Tuesday, January 20, 2009

Maryland Basketball Moves Back to Center Stage

So now that the Ravens season is done, we can finally turn the page and move on to college basketball; just as much a part of this state's sports culture as football in my humble opinion. Around the Harbor will be switching focus primarily to the Terps and college basketball (though there will be some discussion on the Orioles offseason thus far and the coming Ravens offseason moves).

With that out of the way, let's get to tonight's crucial (yet unconvincing) win over the rival Virginia Cavaliers. I know a good number of Maryland fans don't recognize this as a rivalry, but historically the Terps and Cavaliers have been rivals and their recent encounters in all sports have begun to fuel that rivalry. This game in particular, which ended with a Maryland win by the score of 84-78, was far closer than it should have been and indicative of the second-half struggles this team has had in their recent ACC play. Regardless, their improved shot selection and rebounding helped this team edge out the Wahoos.

The good:
- Eric Hayes quietly had a very good game, making two key three pointers (albeit on an overall 2-7 beyond the arc) and dishing 11 assists with zero turnovers. Hayes' decision making has been suspect for the last couple seasons in my opinion, and this game really shows a turn in a positive direction. The key for Hayes offensively is to have more faith in his three point shot and not be too eager to drive to the basket; when Hayes is playing to his strength there's a far better flow to the Terps offense.
- Dave Neal and Landon Milbourne both had solid performances both scoring and on the glass. While Neal only put up 8 points, his shots came at the right times in establishing the tempo at the start of the game and giving the offense a spark when they were struggling in the second half. Landon on the other hand put on a more statistically impressive show, converting on all of his free throws and shooting a solid 5-9 resulting in 17 points. Landon Milbourne's mid-range jump shot is, in my opinion, the key to his game and when he's hitting it he can be a major offensive force.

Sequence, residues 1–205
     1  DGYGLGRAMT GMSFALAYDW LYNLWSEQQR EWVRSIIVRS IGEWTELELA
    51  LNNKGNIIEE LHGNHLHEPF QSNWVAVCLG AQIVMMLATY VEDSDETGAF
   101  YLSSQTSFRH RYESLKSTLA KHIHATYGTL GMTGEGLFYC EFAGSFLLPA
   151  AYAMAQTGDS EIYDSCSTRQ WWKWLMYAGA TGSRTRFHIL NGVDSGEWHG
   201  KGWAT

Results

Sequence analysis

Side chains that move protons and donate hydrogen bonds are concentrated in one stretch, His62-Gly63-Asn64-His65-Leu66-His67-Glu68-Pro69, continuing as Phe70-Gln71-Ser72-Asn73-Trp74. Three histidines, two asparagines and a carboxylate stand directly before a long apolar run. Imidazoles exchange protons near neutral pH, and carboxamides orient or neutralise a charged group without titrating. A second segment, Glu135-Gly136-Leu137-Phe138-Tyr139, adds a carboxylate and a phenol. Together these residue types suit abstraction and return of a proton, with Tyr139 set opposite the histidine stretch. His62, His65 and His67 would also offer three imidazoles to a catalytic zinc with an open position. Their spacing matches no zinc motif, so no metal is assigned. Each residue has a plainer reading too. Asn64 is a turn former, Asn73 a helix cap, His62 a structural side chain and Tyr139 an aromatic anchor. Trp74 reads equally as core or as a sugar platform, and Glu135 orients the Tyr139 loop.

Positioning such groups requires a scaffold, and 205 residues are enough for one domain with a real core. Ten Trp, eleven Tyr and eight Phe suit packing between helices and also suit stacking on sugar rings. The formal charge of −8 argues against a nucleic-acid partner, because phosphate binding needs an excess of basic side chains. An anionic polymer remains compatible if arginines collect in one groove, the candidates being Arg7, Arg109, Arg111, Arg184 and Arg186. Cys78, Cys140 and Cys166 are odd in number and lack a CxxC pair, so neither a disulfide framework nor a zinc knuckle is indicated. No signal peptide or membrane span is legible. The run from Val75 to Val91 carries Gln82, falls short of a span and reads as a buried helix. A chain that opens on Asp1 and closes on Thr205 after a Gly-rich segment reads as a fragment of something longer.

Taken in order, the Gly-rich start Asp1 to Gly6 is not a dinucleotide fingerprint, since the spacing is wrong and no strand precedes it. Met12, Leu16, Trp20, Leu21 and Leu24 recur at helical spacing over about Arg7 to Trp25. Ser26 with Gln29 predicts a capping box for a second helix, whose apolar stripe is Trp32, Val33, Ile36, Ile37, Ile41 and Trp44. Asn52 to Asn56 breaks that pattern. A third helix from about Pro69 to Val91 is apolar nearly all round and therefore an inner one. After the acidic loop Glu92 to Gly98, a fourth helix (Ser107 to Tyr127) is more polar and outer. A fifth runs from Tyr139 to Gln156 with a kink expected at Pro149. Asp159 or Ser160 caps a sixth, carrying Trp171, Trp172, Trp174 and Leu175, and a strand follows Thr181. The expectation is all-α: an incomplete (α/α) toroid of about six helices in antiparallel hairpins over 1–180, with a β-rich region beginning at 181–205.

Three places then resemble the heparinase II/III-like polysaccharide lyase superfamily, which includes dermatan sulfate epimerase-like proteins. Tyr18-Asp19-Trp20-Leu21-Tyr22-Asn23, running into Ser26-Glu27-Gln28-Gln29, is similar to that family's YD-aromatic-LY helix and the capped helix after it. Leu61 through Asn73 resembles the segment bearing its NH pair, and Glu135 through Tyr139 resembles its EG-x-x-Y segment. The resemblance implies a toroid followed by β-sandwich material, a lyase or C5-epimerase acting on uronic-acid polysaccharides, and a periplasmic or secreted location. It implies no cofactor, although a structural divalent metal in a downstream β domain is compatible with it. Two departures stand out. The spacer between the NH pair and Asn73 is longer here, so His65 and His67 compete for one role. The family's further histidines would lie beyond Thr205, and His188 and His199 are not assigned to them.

- Gary Williams was able to get more of his bench involved in the game. Yes, the bench is thin and you certainly want the best players on the floor, but the starters need more rest to be effective in the second half. Plus, the only way these bench players are going to improve is by throwing them into the fire; there is no way the Terps can be a tournament team if Gary uses the smaller rotation employed in the Miami and Florida State debacles. Dino Gregory and Sean Mosley made solid contributions off the bench tonight, and both will be vital down the stretch.

The bad:

- Dino Gregory needs to keep himself out of foul trouble. Maryland only has two true big men in Dino Gregory and Braxton Dupree. Given Braxton's ineffectiveness offensively and defensively, Dino Gregory must step up and be able to take on significant minutes. And speaking of Braxton, he continues to struggle with his shot and in controlling the boards. With Braxton's frame, at the very least he must be a presence in the paint and haul in more rebounds than he has been; I believe if he played with a little more fire he could do just that.
- The second half struggles of this team is more than just a passing concern. In losses to Florida State, Miami, and Morgan State, the Terps held second half leads that they could not hold onto. In particular, Miami and Morgan State were well in hand before the Terps coughed them up. Certainly an improved rotation and staying out of foul trouble are the top two goals to avoiding these collapses.

That's about it for now; let's hope the Terps build off of this success to give Duke a run on Saturday. Trust me, I'm not the most optimistic Terps fan by any stretch, but keep this in mind: based on their track records, these two facts are true of Gary Williams' teams:
1) They can lose to anyone on any given day (Morgan State).
2) They can beat anyone on any given day (Michigan State).

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